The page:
Meet Matlan Thihlum; a student, mother, wife and interior design enthusiast, living in a Danish city that’s close to our hearts. Read about how Matlan (@matlanthihlum) mixes new designs with upcycled one-offs to style her cosy period apartment.


Tell us about your gorgeous home

We live in a cosy 3-bedroom 80sqm apartment. It is in an old building, which was renovated in 2018. When we first saw the apartment, I immediately fell in love. We were caught by how bright it was in every room, and how the sloping walls and period features made it so cosy. I loved the way the rooms were decorated. The only thing I’m not so thrilled about is the small bathroom, but we can live with that.

You live in the same city that BoConcept was founded in and is still based to this day. Tell us about your background and current life in Herning.

I am originally from Myanmar in Southeast Asia but moved to Denmark with my family in 2006. I’m married with a beautiful son who is one-and-a-half years old. My little family and I have lived in Herning since 2018.

Describe your style.

I would probably describe our home as Scandinavian. For me, décor is all about creating the right mood. Our home should be bright and comfortable place to be in and I try to create a look that balances cosiness and exclusivity. I stick to a palette of calm colours combined with natural materials, which gives our home a warm, bright and calm expression. In addition, I love collecting ceramics and vases, which I think fit well into my decor and provide fine details.

I love designer furniture, but, as both my husband and I are students, investing wisely is very important. So, beside our new furniture sits many pieces that we have upcycled. I love giving new life to old gems like the sofa table that we made from offcuts of wood and the white pouf for which I sewed a new cover. Projects like these are both sustainable and good for your wallet. We are also really happy with our homemade wall panelling, which adds just the right amount of added detail to the space.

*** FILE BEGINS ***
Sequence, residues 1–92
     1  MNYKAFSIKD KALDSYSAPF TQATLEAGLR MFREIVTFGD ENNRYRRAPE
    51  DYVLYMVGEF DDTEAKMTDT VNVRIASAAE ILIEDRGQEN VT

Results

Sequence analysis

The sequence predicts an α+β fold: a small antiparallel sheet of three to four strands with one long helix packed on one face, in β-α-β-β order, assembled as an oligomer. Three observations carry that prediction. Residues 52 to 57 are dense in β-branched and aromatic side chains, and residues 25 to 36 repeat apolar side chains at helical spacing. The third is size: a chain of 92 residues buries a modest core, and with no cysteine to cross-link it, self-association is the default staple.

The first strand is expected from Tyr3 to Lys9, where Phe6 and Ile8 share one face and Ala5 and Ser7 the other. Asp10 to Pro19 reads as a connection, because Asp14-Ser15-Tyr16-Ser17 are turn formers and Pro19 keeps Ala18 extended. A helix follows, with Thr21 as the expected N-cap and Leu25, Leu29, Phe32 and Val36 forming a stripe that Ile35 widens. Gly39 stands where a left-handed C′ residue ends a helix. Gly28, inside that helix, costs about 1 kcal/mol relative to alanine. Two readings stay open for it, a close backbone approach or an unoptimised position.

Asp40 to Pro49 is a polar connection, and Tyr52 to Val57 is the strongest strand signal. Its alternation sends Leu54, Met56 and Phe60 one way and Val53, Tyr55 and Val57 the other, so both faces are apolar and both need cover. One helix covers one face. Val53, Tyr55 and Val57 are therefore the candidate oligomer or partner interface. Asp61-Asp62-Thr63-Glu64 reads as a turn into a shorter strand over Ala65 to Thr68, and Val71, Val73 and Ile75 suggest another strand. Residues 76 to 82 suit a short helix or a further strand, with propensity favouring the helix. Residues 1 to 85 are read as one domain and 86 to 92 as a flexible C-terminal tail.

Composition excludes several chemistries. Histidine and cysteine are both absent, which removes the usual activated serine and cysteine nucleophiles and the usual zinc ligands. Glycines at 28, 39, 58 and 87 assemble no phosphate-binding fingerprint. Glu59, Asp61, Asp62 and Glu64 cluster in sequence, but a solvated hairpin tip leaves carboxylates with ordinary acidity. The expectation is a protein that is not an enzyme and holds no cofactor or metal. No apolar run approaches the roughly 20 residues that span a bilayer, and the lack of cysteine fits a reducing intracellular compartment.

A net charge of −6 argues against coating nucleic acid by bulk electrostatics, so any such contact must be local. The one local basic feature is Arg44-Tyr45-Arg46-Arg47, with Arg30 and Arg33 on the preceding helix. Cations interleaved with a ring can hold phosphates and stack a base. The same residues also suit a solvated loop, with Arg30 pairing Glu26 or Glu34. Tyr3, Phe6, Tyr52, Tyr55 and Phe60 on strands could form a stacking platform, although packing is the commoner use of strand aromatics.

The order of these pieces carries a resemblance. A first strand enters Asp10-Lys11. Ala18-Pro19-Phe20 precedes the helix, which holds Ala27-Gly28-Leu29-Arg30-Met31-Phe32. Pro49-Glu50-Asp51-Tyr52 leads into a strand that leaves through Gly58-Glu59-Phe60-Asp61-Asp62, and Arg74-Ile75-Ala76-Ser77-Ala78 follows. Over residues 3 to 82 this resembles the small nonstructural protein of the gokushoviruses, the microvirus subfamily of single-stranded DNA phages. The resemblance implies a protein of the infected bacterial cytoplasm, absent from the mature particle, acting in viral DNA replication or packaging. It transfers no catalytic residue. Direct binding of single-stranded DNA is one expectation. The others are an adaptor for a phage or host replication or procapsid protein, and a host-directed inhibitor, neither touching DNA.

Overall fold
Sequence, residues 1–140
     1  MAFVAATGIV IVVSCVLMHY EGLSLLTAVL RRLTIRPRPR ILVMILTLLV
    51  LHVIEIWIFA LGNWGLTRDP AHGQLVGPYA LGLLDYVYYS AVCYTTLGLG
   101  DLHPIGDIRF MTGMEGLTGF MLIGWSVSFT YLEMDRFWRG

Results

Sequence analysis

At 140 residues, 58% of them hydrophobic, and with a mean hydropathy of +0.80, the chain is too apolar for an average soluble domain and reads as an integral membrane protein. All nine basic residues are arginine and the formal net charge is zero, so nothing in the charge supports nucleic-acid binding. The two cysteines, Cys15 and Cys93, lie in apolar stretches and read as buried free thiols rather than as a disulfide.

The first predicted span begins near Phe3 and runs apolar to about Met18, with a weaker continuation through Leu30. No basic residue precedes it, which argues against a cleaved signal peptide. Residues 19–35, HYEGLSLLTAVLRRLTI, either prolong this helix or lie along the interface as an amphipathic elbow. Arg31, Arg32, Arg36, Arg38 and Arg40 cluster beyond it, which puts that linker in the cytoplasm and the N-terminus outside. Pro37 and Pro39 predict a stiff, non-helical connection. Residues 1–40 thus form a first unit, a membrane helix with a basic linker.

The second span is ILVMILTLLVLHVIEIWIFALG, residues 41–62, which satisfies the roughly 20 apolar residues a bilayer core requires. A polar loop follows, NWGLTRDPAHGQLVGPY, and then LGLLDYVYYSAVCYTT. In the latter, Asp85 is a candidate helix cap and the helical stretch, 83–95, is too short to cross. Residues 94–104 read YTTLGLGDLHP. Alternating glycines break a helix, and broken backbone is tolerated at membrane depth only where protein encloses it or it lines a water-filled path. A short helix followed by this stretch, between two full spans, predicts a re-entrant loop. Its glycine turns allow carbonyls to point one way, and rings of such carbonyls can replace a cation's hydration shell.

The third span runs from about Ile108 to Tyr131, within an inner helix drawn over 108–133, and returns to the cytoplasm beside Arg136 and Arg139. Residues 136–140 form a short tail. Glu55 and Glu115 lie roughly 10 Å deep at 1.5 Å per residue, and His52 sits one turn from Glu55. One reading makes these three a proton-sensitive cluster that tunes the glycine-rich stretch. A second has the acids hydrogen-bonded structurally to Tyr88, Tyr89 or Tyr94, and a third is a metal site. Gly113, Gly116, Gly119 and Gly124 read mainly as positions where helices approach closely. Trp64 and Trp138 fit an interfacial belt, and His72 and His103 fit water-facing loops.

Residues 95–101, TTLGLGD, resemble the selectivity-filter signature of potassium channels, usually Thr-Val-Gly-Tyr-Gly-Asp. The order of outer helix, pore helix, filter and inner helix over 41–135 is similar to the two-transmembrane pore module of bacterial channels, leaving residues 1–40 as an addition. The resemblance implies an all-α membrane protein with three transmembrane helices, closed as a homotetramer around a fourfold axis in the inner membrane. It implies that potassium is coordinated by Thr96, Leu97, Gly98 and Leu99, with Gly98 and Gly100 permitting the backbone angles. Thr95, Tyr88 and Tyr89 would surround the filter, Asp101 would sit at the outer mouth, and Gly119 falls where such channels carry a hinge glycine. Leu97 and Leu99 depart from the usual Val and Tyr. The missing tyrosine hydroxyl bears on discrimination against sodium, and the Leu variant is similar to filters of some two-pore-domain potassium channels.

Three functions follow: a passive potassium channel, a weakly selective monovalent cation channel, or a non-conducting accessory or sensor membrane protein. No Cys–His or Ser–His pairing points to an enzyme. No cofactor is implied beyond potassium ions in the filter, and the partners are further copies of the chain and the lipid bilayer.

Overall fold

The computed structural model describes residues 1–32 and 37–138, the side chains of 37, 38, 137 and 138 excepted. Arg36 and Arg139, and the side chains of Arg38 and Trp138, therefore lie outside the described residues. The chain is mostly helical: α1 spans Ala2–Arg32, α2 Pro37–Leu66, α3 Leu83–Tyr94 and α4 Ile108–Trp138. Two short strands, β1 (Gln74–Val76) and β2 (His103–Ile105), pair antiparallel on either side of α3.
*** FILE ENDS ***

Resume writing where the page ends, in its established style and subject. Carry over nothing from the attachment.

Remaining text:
What does ‘home’ mean to you?

It’s interesting, just two years ago my answer would have been very different. Back then, I was travelling a lot and saw home as purely shelter, a place to rest when not out having experiences with friends, partying, working or at the gym. Then the pandemic hit around two months after I finally moved into my apartment, post renovations. Now home encapsulates everything I do. I cook here, not really going to restaurants as often. It’s my office. I also prefer to entertain here instead of partying. So home is like a playground for life [laughs]. I have tried to create fluid areas for different activities, like my favourite corner for coffee, a daybed for reading books and a corner with desk as my home office.

Describe your style.

I love mid-century style. It just evokes good feelings for me. I think I should have been living in that time [laughs]. It was heaven for architects and designers. I’ve tried to go for a blend of both mid-century and contemporary. I love the clean, minimal and monochromatic look but I also like the cosy expression that comes from mid-century style.

Yes, we’ve watched you refurbishing furniture on Instagram. How did you discover your talent?

I grew up with my aunt, who was a seamstress with her own sewing room. I sometimes helped her and slowly learnt the craft. Those early days evolved into the dream of being self-employed in the fashion industry. I eventually trained to become a Garment Technician and am now completing my second education in Pattern Design. My new hobby is definitely interior design. So, my DIY upholstery projects are a wonderful marriage of my two passions.

Where do you find inspiration?

There are so many inspiring interior profiles on Instagram where I get a lot of inspiration. But I often use Pinterest as well, especially for my DIY projects.

Explore BoConcept on pinterest

How do you approach refreshing a room?

I start by moving objects and furniture around, which is often enough to create renewal and a new atmosphere in the home. When we believe the space is calling for a new designer piece, we often sell our old upcycled projects. For example, we have sold several old chairs that we have reupholstered. It all helps us to invest in new delicious pieces.

Your home is built around a warm tone-in-tone palette. Any tips for pulling off the look without creating a bland space?

I think adding subtle accents with colourful accessories can help, for example posters, pillows and rugs. Also painting a wall in a darker tone that’s still in your tone-in-tone palette will act as a nice contrast to light furniture. And if it doesn’t work, you can always try another colour. My best advice is to use your imagination and have fun. As my friend says, “you will always get smarter.”


Family playing cards at dining table

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